History of the regulators and moderators and the Shelby County war in 1841 and 1842, in the republic of Texas, with facts and incidents in the early history of the republic and state, from 1837 to the annexation, together with incidents of frontier life and Indian troubles, and the war on the reserve in Young County in 1857 Page: 10 of 42
This book is part of the collection entitled: From Republic to State: Debates and Documents Relating to the Annexation of Texas, 1836-1856 and was provided to The Portal to Texas History by the UNT Libraries.
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I was born January 3, 1808, the son of Drury and Martha M. Middleton,
and on December 15, 1831, was married to Mary Ann Chalk, who was born
April 12, 1810, in North Carolina, near the mouth of Chowan river. A wife
faithful and affectionate, she performed every duty, professing religion at Mount
Nebo camp meeting ground in Maury county, Tennessee, she lived religiously
until called to live with the children of God, March 23, 1871. I resided in
Tennessee until the autumn of 1834, when I removed to Marshall county,
Mississippi, ten miles north of Holly Springs, where, as the proprietor of a
house of entertainment on the public road, I became known to large numbers
of people. Losses in business affairs rendering me dissatisfied and desirous to
try my fortune in a new country, I resolved upon removal, and on the 15th day
of June, 1837, I landed with my family, in the Republic of Texas, and settled
in the county of Shelby. The country was thinly settled and the condition of
society disagreeable, as there were many settlers who were fugitives from
justice in the United States. The unsettled political situation of the Republic
and the nearness of Shelby county to the line of the United States, rendering
it easy to carry on acts of lawlessness and crime and to continue that course of
conduct which had rendered the perpetrators exiles from the United States.
Harrison and Panola counties join Shelby county, and lie in the northeastern
part of the State, contiguous to Louisiana. Settling in Shelby county,
I commenced farming, and was soon known to the community as one who
desired peace, but was always ready to lend my aid to preserve order and assist
in the punishment and expulsion of any who were guilty of acts of violence or
breeches of the law of the country.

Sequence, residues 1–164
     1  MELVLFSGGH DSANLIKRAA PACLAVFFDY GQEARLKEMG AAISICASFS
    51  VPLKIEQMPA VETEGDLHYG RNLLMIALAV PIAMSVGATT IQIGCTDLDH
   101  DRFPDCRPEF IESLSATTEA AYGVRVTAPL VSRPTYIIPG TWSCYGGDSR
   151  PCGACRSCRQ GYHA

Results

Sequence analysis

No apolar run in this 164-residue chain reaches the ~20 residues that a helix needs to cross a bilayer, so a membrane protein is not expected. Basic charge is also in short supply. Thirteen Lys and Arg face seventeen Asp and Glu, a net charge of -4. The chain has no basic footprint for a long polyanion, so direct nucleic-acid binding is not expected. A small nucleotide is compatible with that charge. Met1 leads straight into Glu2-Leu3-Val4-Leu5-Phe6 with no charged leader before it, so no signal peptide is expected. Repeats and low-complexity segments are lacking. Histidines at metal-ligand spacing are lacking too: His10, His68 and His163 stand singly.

In Shelby county were two political parties, known as the English and
Haley parties. They were divided in politics but united in their protection of
the desperado and fugitive from justice.
I will narrate a few incidents occurring between 1837 and 1840.
In April, 1837, Amos and Jim Strickland committed the theft of a store in
the State of Louisiana and transferred it on horseback to Texas. They were
so hotly pursued that nearly all the goods were recovered by the owners. In
1838, Jim Strickland stole a mare from a man named Henry Cannon and being
seen in possession of it by Ben Odell, the mare was freed and she returned
to her owner. Strickland denied the theft and afterwards killed Odell.
In 1837, one of the Anderson's guarded a large number of horses with their
bridles and saddles, stolen in Louisiana and was afterwards caught and killed
in Beecham's field, four miles east of Shelbyville, on the Teneha.
The county seat of Shelby county was moved from Shelbyville to Center.
A man named Hillary came the same year to buy land and had with him
$1,400 in coin, $300 in paper and a suit of clothes in his saddle bags. At San
Augustine, while he was asleep at the tavern, he was robbed by Willis Watson
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Middleton, John W. History of the regulators and moderators and the Shelby County war in 1841 and 1842, in the republic of Texas, with facts and incidents in the early history of the republic and state, from 1837 to the annexation, together with incidents of frontier life and Indian troubles, and the war on the reserve in Young County in 1857, book, January 1, 1883; Fort Worth, Texas. (texashistory.unt.edu/ark:/67531/metapth2362/m1/10/?rotate=270: accessed March 29, 2017), University of North Texas Libraries, The Portal to Texas History, texashistory.unt.edu; .